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I am developing a system that can monitor a set of parameters (temperature, air humidity and soil moisture level) to be transmitted once per hour to an online server. This system is based on a Lilygo TTGO T-CALL board, as I needed GPRS capabilities.

This is the sensor that I am using for measuring soil moisture, as it seems to be more durable than the resistive ones. enter image description here

Here is the portion of code that measures values from the sensor:

for(int i = 0; i < MEASUREMENTS; i++) {

  SerialMon.print("[LOOP] Measurement number ");
  SerialMon.println(i);
   
  // Compute soil moisture value
  soil_moisture_val = analogRead(SOILSENS);
  soil_moisture_percent[i] = map(soil_moisture_val, air_moisture, water_moisture, 0, 100);

  // Cut values exceeding bounds
  if(soil_moisture_percent[i] > 100)
    soil_moisture_percent[i] = 100;
  else if(soil_moisture_percent[i] < 0)
    soil_moisture_percent[i] = 0;

  // Sleep for 4 seconds
  delay(4000);
}

The sensor is connected to 3v3 and GND pins and the AOUT pin goes to pin 34 (SOILSENS in the code snippet). After taking and transmitting measurements, the board goes to sleep but the sensor stays powered on as supply lines are not affected by the deep sleep. The problem I am seeing is a constant upwards drift of the measured value by the sensor: after a few hours of usage, the soil moisture value read by the sensor increases by some percentage points, e.g., I started the system yesterday evening with a reading of 14.4% and I now have almost 18%.

I am at a loss, the code seems alright, I make sure to insert the sensor properly (not going past the white line) and I haven't watered any of my plants. Is there something I am missing, or is this just a bad batch of sensors? If so, do you have a recommendation for something more reliable with a similar functioning (analog output value)?

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  • \$\begingroup\$ One way to test whether the drift is due to the sensor or not is to put some water in a glass. Dry the sensor and then hang it above the water with its length partially dipped. Measure the moisture for a day. If the reading is drifting away, then you know the sensor is unreliable. \$\endgroup\$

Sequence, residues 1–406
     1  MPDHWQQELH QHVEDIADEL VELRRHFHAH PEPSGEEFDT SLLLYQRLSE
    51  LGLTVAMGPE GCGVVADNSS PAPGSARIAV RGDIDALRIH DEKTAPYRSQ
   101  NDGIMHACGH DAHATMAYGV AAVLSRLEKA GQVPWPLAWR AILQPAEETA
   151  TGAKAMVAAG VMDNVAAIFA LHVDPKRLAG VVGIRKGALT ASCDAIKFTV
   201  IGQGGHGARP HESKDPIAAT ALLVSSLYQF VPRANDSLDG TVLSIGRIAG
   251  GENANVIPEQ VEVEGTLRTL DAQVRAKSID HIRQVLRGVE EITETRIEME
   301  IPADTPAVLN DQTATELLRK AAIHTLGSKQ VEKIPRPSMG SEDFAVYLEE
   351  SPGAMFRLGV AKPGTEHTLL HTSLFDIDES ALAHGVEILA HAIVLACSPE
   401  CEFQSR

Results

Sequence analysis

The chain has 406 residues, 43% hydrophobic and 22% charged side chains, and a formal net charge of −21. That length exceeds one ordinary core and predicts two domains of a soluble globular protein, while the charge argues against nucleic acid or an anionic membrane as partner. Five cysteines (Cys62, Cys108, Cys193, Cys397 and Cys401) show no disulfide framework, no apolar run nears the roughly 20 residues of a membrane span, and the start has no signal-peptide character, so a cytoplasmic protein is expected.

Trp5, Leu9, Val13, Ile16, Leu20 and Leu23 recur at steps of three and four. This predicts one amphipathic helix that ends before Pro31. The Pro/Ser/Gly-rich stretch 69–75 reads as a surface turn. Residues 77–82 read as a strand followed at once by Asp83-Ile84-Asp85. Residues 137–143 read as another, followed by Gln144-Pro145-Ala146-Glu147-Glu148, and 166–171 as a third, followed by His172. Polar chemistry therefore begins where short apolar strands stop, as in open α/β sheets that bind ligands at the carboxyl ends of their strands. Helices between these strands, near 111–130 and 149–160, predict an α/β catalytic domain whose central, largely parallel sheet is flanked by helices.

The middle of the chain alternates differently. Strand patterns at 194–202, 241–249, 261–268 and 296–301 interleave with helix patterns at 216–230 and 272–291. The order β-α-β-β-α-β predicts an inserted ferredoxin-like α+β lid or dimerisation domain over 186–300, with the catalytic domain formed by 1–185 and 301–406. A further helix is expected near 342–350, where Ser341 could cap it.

– kaosad
    Commented Feb 7 at 8:46
  • \$\begingroup\$ Are "air_moisture" and "water_moisture" fixed values? \$\endgroup\$
    – JRE
    Commented Feb 7 at 11:43
  • \$\begingroup\$ @kaosad, I will try this method thank you! JRE, yes those are fixed values I measured with the same sensor. \$\endgroup\$ Commented Feb 7 at 19:27

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Are you sure there's really a problem at all?

Soil moisture isn't a fixed value - it does vary over the course of the day.

I have an on-going project that monitors the soil moisture in the flower garden in front of my house. The soil moisture varies considerably over the course of the day. A few percentage points a day up and down is completely normal:

enter image description here

That's a view of the soil moisture over a period of 30 days, measured once per hour. During the early part, the moisture is between 50 and 52 percent with daily drops down to 30 percent at noon time. We then got some rain, and the moisture stayed above 58 percent for the rest of the month. Even there, you can see daily variations of several percent.

Another thing to consider is that when you put the sensor in the dirt, there will be gaps between the sensor prongs and the dirt. These gaps will cause the moisture readings to be a bit low. As the dirt settles and the gaps go away the moisture readings will go up a bit. Dry dirt is more prone to gaps - and your dirt looks to be fairly dry at 18%.

I'd let the sensors run a couple of days and log all the data. There might be no problem (natural variation over the course of the day) or there might be a systematic problem with your sensors.


I had a closer look at the picture of your sensor. It uses a 7555 CMOS timer IC to do the moisture measurements. A variation of a few percent a day wouldn't surprise me at all.

Log the data for a few days and see what you get.

Keep in mind that what you'll be looking at are trends, not absolute cutoffs. It's not like the plants are going to be fine at, say, 20% moisture then croak when it drops to 19%.

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  • \$\begingroup\$ Thank you very much for your reply. Since I got three sensors, I tried using another one and the values seem to be more stable. I agree that the point here is identifying a range of values (dry, moist, wet) rather than the precise number, however with the sensor I was mentioning, in a previous round of measurements I observed a 22% that got to 35% in two days. That got me thinking that something may have been off, as this 13% increase is more than what I believe a reasonable adjustment would be. I will however let it run for a few days and look for the trend data shows \$\endgroup\$ Commented Feb 7 at 19:30

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